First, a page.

Why the informal meeting space is an office must have
Informal workspace may once have been painted as all air hockey tables and beanbags when businesses started to experiment during the first dotcom boom.
It has taken time for the spirit typified by Google or Facebook to filter down to banks, global accountancy giants and law firms. But there are few modern offices across the world that remain untouched by the move towards some form of informality in workplace design.
“People are working less conventionally nowadays,” says John Symes, Director of Workplace at JLL in London. “This is why the semi-private spaces, secondary work-settings, work pods – whatever you want to call them – have developed. They facilitate collaboration which if you do that in a conventional environment you are stuck. Because if you collaborate at a desk it disturbs everyone around and if you collaborate in a meeting room then you take that space away from everyone else.”
Such informal spaces have become a way for companies to bring a bit of color and fun into the office from pods ‘designed to reference digital pixels in form and color’ at BBC North at MediaCityUK in Salford to Airbnb’s bedouin tent meeting spaces. However, context is key, says Symes, and companies have to be careful how they sell the idea of the collaborative workplace outside of the creative or start-up sector.
“If you stick a taxi cab in the middle of a financial services break out space, people would just feel uncomfortable. You have to think about who the workforce is and the culture of the organization. People often say ‘oh I want my office to be like Google‘. But when you sit and talk to them they understand that is not going to work,” he adds.
Despite these breakout spaces being informal – whether they are a coffee area, library or sofa space – there are still practicalities that need to be addressed. For example, no one will use the space for long if there is no access to laptop charging, good wifi or space to throw up a flip chart or scribble notes.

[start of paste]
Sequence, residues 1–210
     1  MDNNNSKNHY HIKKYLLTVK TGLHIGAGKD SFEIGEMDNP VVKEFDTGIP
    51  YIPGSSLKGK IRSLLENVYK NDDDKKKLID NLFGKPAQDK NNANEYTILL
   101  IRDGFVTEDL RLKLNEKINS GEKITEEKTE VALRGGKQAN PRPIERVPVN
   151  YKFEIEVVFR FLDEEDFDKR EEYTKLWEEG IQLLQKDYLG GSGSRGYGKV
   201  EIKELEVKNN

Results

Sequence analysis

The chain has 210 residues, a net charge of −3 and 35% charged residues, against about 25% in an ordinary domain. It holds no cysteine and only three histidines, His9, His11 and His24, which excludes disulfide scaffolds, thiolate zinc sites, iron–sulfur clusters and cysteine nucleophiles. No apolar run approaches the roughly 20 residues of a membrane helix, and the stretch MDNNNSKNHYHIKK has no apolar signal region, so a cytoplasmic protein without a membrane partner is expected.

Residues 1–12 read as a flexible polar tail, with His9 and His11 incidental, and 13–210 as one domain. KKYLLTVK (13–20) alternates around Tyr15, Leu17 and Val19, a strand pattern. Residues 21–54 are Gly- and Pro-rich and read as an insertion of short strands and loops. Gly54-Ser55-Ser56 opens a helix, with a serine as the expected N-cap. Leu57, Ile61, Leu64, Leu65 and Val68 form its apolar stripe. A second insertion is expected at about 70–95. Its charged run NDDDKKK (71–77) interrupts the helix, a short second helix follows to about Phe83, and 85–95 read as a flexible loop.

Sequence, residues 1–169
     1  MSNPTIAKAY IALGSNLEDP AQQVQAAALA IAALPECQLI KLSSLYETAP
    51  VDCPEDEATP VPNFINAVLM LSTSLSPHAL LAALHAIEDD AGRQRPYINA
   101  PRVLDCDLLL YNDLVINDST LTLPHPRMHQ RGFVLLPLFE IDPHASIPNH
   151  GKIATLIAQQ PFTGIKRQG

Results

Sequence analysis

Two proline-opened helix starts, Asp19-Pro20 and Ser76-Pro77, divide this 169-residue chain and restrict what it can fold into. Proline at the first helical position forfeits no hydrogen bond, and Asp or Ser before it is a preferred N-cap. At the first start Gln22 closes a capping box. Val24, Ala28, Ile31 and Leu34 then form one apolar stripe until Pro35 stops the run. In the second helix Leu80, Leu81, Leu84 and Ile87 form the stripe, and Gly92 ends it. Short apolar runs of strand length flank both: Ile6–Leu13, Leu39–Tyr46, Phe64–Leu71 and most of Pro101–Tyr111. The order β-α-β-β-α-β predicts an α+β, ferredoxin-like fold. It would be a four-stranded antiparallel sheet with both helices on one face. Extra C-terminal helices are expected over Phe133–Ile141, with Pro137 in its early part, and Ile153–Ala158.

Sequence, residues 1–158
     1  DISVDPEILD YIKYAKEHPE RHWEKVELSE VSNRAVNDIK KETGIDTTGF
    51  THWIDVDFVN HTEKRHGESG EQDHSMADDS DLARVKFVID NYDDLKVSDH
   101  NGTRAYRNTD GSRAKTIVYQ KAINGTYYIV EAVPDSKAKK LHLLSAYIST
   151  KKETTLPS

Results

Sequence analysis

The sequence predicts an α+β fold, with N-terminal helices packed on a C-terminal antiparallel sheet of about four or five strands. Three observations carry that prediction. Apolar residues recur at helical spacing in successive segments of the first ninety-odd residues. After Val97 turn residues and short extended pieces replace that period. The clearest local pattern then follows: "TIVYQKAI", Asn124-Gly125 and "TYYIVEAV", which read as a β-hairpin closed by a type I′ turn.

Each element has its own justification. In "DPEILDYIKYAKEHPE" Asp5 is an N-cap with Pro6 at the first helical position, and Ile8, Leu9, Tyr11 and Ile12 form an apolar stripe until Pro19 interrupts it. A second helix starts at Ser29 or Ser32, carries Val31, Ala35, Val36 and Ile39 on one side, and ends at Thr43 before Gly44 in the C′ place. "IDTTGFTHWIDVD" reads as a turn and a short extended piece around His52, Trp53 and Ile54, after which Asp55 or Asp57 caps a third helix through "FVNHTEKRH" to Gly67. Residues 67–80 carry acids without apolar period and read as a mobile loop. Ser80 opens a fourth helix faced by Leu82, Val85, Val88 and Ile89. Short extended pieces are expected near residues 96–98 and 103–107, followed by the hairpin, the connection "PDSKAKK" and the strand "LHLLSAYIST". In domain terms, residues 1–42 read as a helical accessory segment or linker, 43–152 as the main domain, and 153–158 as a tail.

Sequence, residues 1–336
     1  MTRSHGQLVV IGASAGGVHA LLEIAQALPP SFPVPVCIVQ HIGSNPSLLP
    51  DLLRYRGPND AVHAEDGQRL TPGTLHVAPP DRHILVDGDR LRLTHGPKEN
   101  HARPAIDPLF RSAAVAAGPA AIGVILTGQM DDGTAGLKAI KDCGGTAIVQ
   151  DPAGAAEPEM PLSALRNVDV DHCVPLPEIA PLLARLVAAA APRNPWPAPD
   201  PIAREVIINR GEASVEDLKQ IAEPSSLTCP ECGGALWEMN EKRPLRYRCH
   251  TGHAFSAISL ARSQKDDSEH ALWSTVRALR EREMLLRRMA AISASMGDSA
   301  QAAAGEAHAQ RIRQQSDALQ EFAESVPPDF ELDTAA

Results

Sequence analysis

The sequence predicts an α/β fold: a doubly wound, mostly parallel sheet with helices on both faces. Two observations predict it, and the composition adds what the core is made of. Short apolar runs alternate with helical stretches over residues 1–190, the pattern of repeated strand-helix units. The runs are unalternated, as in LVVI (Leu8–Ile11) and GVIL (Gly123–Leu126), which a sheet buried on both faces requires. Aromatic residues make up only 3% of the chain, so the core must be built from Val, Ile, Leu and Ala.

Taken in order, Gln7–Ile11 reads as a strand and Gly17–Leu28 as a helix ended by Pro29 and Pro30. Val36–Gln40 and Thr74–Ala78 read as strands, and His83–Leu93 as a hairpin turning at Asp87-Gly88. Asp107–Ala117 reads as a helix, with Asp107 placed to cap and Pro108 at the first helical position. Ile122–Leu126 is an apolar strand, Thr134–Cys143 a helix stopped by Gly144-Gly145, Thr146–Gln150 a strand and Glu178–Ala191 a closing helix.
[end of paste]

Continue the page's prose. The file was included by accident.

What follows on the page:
Equally, spaces intended for short-term use can easily be commandeered by employees settling in for the day. “You need to make these spaces intuitive, in other words you walk into there and you immediately know how to behave,” he says. Millennials may get the concept right away, but companies can’t afford to alienate workers more used to cubicle-based working.
They also have to address fears about the use of informal spaces for discussing more business sensitive material. “There is a danger with some of the more wacky and badly located spaces that people can look at them suspiciously or can be concerned they are exposed,” says Symes.
Getting employees involved in the design and running of spaces can help to integrate such areas into office life and ensure they’re used in the collaborative way they’re intended to be.
“It’s good to do workshops and agree etiquette with the eventual users where they generate and self-manage the rules for use,” says Symes. “You can monitor its use, perhaps by utilization sensors in the space, to get real understanding of how it is being used and then target things like behavior workshops to increase use.”